- Exemplary Professional Practice: Sharon A. Vanairsdale, MS, APRN, ACNS-BC, NP-C, CEN, Emory University Hospital, Atlanta, Georgia
As the program director for Emory's Serious Communicable Diseases Unit, Vanairsdale develops and maintains standard operating procedures to care for patients with a variety of highly infectious pathogens. In 2014, the SCDU cared for America's first patients diagnosed with Ebola. Since then, Vanairsdale has focused on the education and training of health care workers at Emory and hospitals across the nation. She assisted with developing courses on Ebola treatment and preparedness protocols, and successfully trained over 600 clinicians and public health professionals. The success of the training led to the development of the National Ebola Training and Education Center, a collaboration between Emory Medicine, Nebraska Medicine, and New York City Health and Hospitals. As a result, Vanairsdale directed the training of an additional 350 health care professionals. Vanairsdale creates curriculum for the center's free educational offerings for health care facilities throughout the world.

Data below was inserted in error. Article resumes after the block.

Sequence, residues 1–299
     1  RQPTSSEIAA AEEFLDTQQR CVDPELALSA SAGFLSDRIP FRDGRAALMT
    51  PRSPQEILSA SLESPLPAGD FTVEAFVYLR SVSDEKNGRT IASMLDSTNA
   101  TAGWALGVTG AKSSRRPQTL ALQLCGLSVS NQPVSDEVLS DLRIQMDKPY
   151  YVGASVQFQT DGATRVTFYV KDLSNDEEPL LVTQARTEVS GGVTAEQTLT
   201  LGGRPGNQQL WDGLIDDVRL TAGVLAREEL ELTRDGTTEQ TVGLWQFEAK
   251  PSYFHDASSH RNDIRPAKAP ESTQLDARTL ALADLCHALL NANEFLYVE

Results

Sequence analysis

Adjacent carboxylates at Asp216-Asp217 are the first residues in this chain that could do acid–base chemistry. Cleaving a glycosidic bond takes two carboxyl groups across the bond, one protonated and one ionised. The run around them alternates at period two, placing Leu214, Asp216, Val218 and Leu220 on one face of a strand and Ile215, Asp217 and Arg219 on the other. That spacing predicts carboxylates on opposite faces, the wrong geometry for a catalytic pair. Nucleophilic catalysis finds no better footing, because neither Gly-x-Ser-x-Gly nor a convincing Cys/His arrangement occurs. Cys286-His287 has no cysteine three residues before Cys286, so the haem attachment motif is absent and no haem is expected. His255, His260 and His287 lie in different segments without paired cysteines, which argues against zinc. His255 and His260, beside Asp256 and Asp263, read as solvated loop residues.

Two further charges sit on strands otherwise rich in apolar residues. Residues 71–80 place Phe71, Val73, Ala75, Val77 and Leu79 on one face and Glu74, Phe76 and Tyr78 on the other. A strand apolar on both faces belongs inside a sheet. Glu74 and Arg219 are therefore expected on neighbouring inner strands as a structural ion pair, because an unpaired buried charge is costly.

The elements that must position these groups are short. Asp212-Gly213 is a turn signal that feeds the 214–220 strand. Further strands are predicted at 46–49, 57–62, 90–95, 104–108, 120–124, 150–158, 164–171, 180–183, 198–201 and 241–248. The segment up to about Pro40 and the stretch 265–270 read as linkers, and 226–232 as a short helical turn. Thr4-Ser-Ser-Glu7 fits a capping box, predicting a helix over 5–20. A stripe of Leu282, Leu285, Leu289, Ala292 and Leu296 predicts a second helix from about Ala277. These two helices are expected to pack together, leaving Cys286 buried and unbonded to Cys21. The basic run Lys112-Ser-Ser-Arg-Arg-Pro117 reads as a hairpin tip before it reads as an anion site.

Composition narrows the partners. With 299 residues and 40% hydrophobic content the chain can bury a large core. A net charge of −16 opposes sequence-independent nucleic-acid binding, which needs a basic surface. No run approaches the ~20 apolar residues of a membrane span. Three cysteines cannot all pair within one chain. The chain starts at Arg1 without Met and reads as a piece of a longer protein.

- New Knowledge, Innovations and Improvements: Christi D. DeLemos, MSN, CNRN, ACNP-BC, University of California Davis Medical Center, Sacramento, California
DeLemos' contribution to new knowledge and innovation is exemplified by her development of a mobile application designed for nurses who care for patients with stroke, traumatic brain injury and other neurological impairments. The goals of the app are to enhance bedside care through instant access to neuroscience nursing information, and to increase nursing confidence when caring for neurological patients. The mobile app was developed over a one-year period, and was reviewed by an international committee of nurses. Launched in 2015, the free Neuroscience Nurse mobile app has been downloaded by more than 1,700 users in 19 countries. A committed educator, she also produced and directed a 30-minute professional teaching video that has been translated into 10 languages and distributed in eight countries worldwide.
- Empirical Outcomes: Colleen K. McIlvennan, DNP, RN, ANP-BC, University of Colorado Hospital, Aurora, Colorado